Fascinating essays. The editors of the new anthology of essays A God in the House: Poets Talk about Faith, Ilya Kaminsky and Katherine Towler, in their introduction, write, “Irony holds sway over much of our public intellectual life, and a dialogue about faith asks us to set aside irony for a direct engagement with beauty, hope, doubt and fear.” I love the analogy Li-Young Lee makes in his God in the House interview: “[People who read poetry have] heard about the burning bush, but when you write [poetry], you sit inside the burning bush, which is different.” For their book, Kaminsky and Towler interviewed Muslim, Buddhist, pagan, Christian, Jewish and other poets who have sat inside the burning bush: the collection includes revered poetic elders and relative newcomers from all over the aesthetic spectrum.
Whitman himself probably would have been awestruck by 19 prominent poets interviewed in God in the House. Editors Ilya Kaminsky and Katherine Towler gathered a diversity of visionaries that make nearly everyone feel welcome, from atheist to orthodox. In these interview-essays [by] authors such as Grace Paley…faith and poetry are not inimical, but parallel ways of entering into the great mystery of being. The anthology gives courage to seekers for whom religion is just the beginning.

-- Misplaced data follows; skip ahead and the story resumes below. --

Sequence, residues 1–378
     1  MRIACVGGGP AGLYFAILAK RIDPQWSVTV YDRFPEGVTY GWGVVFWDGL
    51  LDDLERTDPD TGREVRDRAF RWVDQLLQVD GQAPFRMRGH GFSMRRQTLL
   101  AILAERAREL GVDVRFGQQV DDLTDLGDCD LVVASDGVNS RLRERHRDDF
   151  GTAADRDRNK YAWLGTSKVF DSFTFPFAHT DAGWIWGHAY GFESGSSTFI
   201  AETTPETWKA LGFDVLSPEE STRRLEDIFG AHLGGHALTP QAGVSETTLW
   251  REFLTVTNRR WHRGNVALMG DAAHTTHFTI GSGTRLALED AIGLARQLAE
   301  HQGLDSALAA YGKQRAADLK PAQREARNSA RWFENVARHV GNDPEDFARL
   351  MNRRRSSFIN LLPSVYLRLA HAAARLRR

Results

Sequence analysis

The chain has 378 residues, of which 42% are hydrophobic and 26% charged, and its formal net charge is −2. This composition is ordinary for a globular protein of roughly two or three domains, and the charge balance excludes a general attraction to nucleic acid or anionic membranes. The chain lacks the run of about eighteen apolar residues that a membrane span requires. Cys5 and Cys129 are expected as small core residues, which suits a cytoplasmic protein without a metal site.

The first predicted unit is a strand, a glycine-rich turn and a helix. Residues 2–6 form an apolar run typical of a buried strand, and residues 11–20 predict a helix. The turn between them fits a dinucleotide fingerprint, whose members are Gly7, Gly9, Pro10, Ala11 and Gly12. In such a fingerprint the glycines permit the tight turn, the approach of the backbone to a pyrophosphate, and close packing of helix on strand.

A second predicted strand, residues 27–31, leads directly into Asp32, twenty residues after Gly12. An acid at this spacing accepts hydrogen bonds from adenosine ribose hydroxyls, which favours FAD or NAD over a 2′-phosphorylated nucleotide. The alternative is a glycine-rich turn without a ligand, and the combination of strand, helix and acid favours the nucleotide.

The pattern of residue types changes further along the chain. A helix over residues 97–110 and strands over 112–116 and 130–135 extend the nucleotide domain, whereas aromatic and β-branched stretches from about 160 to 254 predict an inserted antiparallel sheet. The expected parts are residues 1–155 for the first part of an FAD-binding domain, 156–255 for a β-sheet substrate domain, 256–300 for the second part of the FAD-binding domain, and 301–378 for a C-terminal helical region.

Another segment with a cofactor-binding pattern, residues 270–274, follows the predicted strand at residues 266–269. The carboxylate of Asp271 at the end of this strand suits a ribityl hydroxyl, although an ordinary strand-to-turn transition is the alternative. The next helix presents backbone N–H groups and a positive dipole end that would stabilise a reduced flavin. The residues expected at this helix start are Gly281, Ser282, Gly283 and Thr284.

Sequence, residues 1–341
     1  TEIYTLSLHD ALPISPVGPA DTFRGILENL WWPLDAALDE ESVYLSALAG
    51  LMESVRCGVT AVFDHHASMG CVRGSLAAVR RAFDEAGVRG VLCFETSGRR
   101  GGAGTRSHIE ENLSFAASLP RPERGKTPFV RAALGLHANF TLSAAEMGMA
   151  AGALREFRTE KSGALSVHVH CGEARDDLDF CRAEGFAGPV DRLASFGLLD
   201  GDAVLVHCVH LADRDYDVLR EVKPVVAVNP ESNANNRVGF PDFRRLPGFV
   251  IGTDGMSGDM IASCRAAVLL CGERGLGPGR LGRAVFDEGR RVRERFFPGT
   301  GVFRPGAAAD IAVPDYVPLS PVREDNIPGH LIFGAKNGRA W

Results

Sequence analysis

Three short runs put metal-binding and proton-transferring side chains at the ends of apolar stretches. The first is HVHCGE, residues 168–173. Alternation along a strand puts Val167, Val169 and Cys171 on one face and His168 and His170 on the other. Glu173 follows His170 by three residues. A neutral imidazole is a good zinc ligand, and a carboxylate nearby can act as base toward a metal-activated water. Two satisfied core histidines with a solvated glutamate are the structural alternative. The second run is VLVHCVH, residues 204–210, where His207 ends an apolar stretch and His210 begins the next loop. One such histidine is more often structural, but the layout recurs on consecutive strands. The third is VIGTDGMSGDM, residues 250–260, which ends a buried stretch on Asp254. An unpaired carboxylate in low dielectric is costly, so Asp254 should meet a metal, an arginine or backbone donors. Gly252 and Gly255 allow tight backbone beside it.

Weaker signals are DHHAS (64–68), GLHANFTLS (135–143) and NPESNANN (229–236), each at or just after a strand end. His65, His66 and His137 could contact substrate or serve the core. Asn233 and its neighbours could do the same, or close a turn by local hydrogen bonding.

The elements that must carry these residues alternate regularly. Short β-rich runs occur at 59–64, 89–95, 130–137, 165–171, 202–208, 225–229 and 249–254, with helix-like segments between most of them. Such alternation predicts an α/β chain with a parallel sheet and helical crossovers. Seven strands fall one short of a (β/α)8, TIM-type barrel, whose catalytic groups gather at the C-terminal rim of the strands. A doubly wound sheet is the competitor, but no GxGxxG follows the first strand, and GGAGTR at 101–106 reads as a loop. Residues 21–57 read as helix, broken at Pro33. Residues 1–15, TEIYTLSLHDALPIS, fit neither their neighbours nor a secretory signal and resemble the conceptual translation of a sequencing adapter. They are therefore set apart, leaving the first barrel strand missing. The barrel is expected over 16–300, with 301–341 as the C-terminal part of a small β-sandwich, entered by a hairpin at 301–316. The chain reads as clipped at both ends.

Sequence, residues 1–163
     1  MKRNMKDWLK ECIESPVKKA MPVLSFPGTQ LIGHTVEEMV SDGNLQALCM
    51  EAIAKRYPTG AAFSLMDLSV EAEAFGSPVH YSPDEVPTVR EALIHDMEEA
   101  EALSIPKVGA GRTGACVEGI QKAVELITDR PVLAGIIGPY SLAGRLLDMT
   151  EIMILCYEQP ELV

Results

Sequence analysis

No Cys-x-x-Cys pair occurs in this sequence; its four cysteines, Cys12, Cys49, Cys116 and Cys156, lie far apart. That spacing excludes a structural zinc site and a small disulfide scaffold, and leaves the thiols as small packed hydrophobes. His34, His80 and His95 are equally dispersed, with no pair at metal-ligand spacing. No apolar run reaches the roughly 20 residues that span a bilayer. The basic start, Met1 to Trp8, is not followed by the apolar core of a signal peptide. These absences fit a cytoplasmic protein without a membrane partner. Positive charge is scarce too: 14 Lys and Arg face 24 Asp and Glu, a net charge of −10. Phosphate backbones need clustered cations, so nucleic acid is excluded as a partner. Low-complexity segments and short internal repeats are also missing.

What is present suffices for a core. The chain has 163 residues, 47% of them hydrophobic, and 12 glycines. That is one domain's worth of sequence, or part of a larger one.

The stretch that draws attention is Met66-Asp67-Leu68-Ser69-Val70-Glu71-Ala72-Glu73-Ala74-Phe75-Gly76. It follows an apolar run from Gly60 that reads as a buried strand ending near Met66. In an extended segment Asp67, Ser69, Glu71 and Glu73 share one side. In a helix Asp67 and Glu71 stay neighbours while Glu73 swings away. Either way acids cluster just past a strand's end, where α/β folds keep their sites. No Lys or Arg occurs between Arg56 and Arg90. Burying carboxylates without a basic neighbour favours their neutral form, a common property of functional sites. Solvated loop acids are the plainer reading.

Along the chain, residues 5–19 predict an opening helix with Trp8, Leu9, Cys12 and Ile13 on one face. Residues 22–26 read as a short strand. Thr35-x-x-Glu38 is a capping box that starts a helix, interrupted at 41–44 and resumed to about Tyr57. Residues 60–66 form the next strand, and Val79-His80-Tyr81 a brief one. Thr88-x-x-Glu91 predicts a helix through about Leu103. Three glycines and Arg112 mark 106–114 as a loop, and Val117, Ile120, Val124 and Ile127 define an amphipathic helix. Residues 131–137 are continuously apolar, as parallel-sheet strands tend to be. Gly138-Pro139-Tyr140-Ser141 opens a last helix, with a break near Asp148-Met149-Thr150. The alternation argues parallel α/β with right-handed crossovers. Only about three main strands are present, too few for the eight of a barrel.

Here’s a collection we’re confident people will keep by their bedside for years of re-reading. The work of editors Ilya Kaminsky and Katherine Towler, A God in the House, gathers conversation with nineteen of America’s Leading poets, reflecting on their diverse experience with spirituality and the craft of writing. Burgeoning with insight and incandescent prose, A God in the House is the rare book in which celebration of religious diversity blossoms into unity: a chorus of voices for life, for awe, and for sheer delight of language.